Divorce is a legal process that ends a marriage. It is a life milestone that many people hope never to experience, yet sometimes find it is in their best interest to dissolve their marriage. A couple may choose to get a divorce without going to court if they can agree on all aspects of the divorce, such as child custody, visitation, spousal support, and the division of property. Other couples may go to court because they cannot agree on one or more issues and need a judge to decide. If you and your spouse are considering getting a divorce, it is essential to consult with an experienced family law attorney who can help you understand the pros and cons of both options.
There are a few ways to get a divorce without going to court. The most popular and successful methods include:
- Collaborative Divorce: This is when both spouses work together with their respective attorneys to negotiate a settlement outside of court. All components of the divorce, including child custody, spousal support, property division, and more, are decided through this process. This method is often successful because it allows both spouses to have a say in the outcome of their divorce.
- Divorce Mediation: This is when both spouses work with a neutral mediator to negotiate a settlement outside of court. The mediator will help facilitate communication and discussion between the two spouses but will not make any decisions on behalf of the couple. This method can succeed if both spouses are willing to compromise and reach an agreement.
- Arbitration: This is when both spouses work with an arbitrator to decide all aspects of the divorce outside of court. The arbitrator will carefully listen to both sides of the divorce case and then make a decision on the outcome. This method can be successful if both spouses are willing to accept the arbitrator’s decision.
- Filing for a Summary Dissolution: This is an option for couples who meet certain criteria, such as being married for a shorter period of time, having no children together, and not owning any property. This option allows couples to file for a divorce without going to court.
- Appealing the Divorce Decision: If one spouse is unhappy with the divorce decision, they can appeal the decision to a higher court. This option is often used when one spouse feels the court made an unfair decision. It is important to note that appealing a divorce can be a long and difficult process, but it could be worthwhile if the decision is overturned.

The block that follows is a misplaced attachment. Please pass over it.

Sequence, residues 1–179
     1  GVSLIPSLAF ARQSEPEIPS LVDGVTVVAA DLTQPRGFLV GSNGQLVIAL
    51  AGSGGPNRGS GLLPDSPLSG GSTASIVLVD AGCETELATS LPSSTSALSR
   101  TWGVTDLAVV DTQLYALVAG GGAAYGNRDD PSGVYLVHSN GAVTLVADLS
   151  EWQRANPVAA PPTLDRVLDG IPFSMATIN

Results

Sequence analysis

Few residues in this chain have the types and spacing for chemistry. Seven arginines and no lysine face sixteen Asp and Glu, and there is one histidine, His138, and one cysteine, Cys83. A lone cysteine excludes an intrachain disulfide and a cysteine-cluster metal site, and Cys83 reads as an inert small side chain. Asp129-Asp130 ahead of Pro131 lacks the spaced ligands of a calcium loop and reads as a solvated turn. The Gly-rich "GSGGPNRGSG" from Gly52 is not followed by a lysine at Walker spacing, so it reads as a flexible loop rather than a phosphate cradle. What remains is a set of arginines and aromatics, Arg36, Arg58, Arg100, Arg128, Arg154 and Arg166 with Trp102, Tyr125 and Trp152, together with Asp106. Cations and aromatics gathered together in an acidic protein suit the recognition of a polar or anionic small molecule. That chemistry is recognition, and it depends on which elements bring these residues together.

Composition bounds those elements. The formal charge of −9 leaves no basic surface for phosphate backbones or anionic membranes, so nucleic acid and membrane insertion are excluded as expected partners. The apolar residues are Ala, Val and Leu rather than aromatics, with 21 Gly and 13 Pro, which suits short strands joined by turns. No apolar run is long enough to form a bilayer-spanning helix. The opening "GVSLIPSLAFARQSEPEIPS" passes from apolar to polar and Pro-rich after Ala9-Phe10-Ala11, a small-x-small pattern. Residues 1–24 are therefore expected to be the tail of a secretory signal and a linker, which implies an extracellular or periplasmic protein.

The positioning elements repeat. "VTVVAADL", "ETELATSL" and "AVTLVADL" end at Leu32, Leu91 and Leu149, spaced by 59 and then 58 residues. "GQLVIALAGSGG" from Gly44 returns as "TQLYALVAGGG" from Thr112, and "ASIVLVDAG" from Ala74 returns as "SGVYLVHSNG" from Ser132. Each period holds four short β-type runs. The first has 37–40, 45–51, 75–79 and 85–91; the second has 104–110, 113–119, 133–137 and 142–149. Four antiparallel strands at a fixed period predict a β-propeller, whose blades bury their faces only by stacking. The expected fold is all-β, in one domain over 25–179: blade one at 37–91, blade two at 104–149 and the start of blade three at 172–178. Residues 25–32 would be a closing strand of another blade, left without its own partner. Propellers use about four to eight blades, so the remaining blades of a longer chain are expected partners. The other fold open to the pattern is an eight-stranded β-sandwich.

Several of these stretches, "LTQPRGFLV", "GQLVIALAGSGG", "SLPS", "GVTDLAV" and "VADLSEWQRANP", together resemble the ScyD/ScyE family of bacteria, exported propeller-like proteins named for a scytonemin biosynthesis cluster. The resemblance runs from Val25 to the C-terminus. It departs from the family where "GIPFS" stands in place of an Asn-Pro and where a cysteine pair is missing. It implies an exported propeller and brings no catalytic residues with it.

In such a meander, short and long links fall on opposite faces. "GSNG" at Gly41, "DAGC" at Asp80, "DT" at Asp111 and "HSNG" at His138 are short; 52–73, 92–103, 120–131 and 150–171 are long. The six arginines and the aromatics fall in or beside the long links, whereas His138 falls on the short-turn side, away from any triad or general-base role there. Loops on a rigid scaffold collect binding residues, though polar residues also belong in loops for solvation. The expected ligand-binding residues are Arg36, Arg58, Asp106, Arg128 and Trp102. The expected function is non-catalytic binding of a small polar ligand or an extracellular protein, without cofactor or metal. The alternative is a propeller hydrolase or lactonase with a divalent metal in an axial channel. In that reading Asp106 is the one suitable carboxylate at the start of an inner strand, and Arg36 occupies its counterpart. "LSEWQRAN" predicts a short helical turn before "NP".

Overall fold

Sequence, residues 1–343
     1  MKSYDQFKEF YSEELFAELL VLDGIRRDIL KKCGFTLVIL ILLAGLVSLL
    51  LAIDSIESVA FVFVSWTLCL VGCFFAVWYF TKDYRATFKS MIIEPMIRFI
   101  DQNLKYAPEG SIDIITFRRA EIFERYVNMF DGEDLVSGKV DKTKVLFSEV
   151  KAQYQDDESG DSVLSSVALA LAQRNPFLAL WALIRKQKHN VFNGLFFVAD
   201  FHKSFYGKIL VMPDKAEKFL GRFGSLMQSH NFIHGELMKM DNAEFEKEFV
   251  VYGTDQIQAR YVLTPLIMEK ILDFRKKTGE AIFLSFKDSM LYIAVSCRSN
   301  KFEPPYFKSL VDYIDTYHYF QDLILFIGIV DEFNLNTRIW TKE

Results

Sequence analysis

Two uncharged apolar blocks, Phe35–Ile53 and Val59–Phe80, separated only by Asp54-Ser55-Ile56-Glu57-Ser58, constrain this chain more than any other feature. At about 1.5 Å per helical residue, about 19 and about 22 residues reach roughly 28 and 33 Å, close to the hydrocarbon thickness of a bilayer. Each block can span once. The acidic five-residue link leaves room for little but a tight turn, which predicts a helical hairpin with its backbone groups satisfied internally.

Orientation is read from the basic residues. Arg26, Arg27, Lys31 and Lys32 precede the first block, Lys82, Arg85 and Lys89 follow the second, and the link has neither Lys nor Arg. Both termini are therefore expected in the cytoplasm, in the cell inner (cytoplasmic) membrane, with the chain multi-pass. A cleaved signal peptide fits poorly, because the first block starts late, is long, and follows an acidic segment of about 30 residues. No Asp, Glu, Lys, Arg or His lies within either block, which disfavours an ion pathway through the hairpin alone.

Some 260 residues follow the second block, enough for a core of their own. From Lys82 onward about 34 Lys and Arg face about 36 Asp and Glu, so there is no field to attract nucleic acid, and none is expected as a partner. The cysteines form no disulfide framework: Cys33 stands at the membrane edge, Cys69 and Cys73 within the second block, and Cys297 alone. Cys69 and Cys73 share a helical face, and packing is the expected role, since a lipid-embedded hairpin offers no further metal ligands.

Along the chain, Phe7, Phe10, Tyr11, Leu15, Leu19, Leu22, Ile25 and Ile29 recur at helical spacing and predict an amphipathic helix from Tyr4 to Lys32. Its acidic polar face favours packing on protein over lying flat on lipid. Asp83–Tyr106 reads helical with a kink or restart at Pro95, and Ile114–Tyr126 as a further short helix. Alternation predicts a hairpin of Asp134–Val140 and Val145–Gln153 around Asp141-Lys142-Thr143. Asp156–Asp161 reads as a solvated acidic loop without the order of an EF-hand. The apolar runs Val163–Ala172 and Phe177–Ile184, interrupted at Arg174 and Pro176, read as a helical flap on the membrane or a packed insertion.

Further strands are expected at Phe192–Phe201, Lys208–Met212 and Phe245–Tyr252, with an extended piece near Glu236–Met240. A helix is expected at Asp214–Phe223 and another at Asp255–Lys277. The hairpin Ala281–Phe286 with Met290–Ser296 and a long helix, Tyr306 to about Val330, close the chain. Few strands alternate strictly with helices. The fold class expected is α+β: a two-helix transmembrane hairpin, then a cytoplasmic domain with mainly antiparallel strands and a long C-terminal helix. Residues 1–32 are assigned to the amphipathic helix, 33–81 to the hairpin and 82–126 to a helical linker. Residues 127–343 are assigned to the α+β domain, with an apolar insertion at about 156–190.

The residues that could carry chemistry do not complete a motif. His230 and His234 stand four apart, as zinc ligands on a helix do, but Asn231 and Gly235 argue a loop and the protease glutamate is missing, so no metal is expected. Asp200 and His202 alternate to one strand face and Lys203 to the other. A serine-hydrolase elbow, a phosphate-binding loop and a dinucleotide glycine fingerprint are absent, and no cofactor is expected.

There are a few things to consider before deciding whether or not to get a divorce without going to court. These include:
- The complexity of your divorce: If you have a simple divorce with no children and few assets, it may be possible to get a divorce without going to court. However, adding in factors such as child custody and division of complex assets can make getting a divorce without going to court more difficult. These are highly significant components of each spouse’s future, so it is often a challenge to quickly breeze through these topics outside of court.
- Your ability to communicate with your spouse: If you and your spouse can communicate and reach an agreement, you will likely be able to get a divorce without going to court. This is because your ability to communicate and compromise will be key in reaching a settlement that does not require court intervention. However, not everybody can communicate effectively with their spouse, and it is sometimes the number one reason why divorce occurs in the first place. Consider whether or not you and your spouse will be able to have civil conversations before deciding to divorce without going to court.
- Your willingness to compromise: If you and your spouse are willing to compromise and reach an agreement, it is likely that you will be able to divorce without court. Being able to compromise means that you are willing to concede on some issues to come to an agreement with your spouse. It is important to remember that not every divorce requires each spouse to make huge sacrifices, but some give-and-take will likely be necessary for a settlement to be reached without the court getting involved.
Do I Have to Disclose All of My Finances During Divorce?
When going through a divorce, being honest about your finances is essential. This includes disclosing all of your assets and debts, as well as your income and expenses. Failure to disclose all of this information can lead to problems down the road, such as one spouse being ordered to pay more than they can afford or one spouse not getting their fair share of the assets.
It is also important to remember that hiding assets during a divorce is illegal. This means that if you are caught hiding assets, you could face serious consequences, such as jail time. If you have disclosure questions, you should speak to an experienced divorce attorney.
What Is the Difference Between Legal Separation and Divorce?
The main difference between legal separation and divorce is that, in a divorce, the marriage is ended. This means that the spouses are no longer legally married and are free to remarry. In a legal separation, the marriage is not ended. This means that the spouses are still legally married and cannot remarry.
Another difference between legal separation and divorce is that, in a divorce, the spouses are usually required to divide their assets and debts. This is not the case in a legal separation.
Contact McCunn Law Today
If you are considering getting a divorce without going to court, it is important to speak to an experienced divorce attorney. At McCunn Law, we have helped many clients through the divorce process, both in and out of court. We can help you understand your options and make sure that your rights are protected. Contact us today to begin consultation and set yourself up for success.